When developers first got access to those new-fangled gadgets called computers, memory was a very precious resource. Applications were frequently written as a main controller that would load module overlays into memory, call a function, and then repeat as additional functions were called. It was a horrible way to code, but it was all we had. Unfortunately, as computers came equipped with more and more RAM, this habit of repeating the controller code in every file seems to be quite resilient...

Fast forward several decades, and Jeremy, like the rest of us at some point, was a newbie at his first position as a developer. The application that he was tasked with maintaining had been written by an engineer whose training apparently included learning basic JSP control-structures, and how to perform cut-n-pasting of code from A to B.

The application was almost entirely constructed of JSP's containing tens of thousands of lines of conditionals and loops nested countless levels deep, all of which was copy-pasted across almost every page. There was rarely a method to be found, and when there was, there were usually 12+ parameters, all typed as Strings. All of this would be wrapped in a try-catch block that was frequently so huge that the compiler refused to compile it, insisting that the code be broken up.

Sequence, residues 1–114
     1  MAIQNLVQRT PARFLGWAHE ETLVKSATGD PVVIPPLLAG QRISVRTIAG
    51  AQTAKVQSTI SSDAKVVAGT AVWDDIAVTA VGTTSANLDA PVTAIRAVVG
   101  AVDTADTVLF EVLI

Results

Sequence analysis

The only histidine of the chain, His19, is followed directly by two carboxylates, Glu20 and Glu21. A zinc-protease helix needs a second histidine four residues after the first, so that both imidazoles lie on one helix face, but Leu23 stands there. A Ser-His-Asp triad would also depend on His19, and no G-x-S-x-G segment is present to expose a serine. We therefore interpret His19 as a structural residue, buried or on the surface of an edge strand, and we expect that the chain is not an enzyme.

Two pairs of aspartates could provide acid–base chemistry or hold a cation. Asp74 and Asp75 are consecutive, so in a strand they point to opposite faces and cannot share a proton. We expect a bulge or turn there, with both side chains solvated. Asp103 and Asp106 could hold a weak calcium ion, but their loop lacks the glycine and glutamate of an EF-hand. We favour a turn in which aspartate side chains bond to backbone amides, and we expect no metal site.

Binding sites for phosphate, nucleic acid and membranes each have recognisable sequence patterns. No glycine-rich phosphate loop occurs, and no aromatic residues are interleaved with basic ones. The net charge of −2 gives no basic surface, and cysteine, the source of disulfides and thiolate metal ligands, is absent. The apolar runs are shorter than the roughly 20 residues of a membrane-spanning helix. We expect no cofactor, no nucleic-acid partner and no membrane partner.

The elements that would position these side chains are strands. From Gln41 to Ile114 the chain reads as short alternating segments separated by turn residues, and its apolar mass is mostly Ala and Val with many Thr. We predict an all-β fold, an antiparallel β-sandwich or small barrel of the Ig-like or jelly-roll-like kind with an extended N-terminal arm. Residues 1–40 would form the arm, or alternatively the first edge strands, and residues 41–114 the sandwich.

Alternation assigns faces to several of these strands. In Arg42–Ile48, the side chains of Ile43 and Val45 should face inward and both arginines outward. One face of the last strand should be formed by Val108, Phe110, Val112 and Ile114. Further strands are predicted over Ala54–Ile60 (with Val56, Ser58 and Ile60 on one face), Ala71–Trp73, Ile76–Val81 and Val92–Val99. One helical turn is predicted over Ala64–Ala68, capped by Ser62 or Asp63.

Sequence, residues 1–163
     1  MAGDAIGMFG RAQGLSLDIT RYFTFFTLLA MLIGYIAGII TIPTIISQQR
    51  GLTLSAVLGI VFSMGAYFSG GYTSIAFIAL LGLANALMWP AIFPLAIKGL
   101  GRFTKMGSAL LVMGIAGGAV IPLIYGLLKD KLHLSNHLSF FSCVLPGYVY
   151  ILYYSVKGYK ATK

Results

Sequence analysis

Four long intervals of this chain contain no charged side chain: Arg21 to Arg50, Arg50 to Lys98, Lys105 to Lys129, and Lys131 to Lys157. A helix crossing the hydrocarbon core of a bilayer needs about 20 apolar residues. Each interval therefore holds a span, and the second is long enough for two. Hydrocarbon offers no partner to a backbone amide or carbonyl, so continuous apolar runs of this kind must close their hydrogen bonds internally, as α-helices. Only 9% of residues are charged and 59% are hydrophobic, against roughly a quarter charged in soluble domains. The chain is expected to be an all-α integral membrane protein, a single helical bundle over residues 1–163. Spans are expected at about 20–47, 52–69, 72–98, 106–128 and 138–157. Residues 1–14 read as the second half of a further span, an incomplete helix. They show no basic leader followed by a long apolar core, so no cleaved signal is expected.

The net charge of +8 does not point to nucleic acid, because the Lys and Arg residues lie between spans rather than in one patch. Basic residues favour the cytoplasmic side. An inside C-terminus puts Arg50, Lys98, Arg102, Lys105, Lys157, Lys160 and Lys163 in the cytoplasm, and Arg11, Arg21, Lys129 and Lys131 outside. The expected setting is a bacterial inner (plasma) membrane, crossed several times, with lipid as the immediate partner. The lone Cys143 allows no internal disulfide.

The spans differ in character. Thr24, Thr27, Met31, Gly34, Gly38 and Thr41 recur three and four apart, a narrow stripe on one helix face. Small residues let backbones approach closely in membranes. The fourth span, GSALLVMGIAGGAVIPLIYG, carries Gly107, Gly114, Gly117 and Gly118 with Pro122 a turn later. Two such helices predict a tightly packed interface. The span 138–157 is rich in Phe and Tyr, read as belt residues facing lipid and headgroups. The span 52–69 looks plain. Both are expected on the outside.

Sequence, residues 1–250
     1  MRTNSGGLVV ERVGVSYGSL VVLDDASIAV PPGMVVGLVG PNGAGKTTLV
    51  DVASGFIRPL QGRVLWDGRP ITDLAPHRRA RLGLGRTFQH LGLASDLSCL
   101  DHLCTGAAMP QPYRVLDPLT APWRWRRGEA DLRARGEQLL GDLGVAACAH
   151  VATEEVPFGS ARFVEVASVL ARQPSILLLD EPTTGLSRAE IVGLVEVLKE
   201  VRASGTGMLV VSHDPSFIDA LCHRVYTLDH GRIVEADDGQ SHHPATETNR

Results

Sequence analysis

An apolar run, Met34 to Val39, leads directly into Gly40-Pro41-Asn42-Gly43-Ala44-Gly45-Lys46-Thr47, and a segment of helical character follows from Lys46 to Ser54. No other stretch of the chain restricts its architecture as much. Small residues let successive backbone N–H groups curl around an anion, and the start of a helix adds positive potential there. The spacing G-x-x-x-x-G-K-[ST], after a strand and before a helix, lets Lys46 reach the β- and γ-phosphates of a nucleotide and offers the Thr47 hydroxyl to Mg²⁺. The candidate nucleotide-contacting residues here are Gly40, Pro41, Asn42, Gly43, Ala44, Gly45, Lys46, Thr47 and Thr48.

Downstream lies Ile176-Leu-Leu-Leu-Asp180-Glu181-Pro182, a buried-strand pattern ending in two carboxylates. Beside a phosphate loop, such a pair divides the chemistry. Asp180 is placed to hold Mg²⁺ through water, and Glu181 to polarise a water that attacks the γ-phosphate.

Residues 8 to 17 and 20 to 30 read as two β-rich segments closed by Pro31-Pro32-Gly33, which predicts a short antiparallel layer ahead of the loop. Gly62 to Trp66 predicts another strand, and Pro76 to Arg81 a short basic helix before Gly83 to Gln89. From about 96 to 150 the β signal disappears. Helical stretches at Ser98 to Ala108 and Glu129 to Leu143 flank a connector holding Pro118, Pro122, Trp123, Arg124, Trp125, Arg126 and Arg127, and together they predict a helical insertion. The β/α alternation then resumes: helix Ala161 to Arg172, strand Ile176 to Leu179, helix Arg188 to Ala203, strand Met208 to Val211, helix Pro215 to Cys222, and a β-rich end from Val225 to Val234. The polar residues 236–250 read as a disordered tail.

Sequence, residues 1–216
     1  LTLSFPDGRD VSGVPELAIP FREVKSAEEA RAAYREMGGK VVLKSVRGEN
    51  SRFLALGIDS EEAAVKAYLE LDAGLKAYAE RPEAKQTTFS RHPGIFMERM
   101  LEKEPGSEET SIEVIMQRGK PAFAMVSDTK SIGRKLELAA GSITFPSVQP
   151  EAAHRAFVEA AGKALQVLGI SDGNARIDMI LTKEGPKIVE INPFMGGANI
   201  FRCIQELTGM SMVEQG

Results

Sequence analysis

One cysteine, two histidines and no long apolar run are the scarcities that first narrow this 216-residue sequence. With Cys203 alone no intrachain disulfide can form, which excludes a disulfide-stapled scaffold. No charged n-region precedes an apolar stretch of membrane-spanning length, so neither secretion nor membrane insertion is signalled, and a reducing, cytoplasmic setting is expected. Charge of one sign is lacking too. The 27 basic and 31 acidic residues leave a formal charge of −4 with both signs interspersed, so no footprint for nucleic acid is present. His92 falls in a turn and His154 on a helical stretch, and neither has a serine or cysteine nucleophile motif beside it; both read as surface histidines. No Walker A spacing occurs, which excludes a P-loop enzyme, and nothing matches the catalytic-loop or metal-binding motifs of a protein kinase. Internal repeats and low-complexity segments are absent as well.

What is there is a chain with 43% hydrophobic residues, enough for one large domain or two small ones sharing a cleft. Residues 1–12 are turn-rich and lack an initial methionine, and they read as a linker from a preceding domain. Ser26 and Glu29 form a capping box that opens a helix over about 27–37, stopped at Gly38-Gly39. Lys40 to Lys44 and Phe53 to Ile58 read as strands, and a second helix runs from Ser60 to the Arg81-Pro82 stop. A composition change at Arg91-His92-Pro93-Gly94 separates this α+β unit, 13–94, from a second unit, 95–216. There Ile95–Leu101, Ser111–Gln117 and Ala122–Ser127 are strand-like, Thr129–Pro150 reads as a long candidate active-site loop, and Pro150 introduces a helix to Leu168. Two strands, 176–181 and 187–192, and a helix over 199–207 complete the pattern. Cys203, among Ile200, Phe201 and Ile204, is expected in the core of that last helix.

The method below represents a very rare attempt at modularity. For those who choose not to risk their sanity, it formats a floating point number to a certain precision and returns it as a String. The author was kind enough to leave their debug statements commented out, presumably to save the next guy from having to put them back in...

public String rnd(double e, double d, int numDigits) {
  String t;
  int    tempDouble;
  double f;
  //e=16.47;
  //d=47.023;
  //out.print(e + " + " + d);
  f= e / d;
  //out.print("<br>" + f);
  //out.print("<br>f=" + f);
  tempDouble=(int)((f)* Math.pow(10,numDigits+1));
  //out.print("<br>tempDouble=" + tempDouble);
  f=(double)tempDouble;
  f=f/10;
  f=Math.round(f);
  //out.print("<br>f=" + f);
  //out.print("<br>" +tempDouble + " " + f/Math.pow(10,numDigits));
  t=Double.toString(f/Math.pow(10,numDigits));
  if (t.substring(t.indexOf('.'),t.length()).length() < numDigits+1) {
     t=t+'0';
     //out.print("<br>" + t);
  }
  if (t.compareTo("0.00")==0) {
     t="0.0";
  }
  return t;
}

Naturally, it was not long before Jeremy sought sanity at his second development position.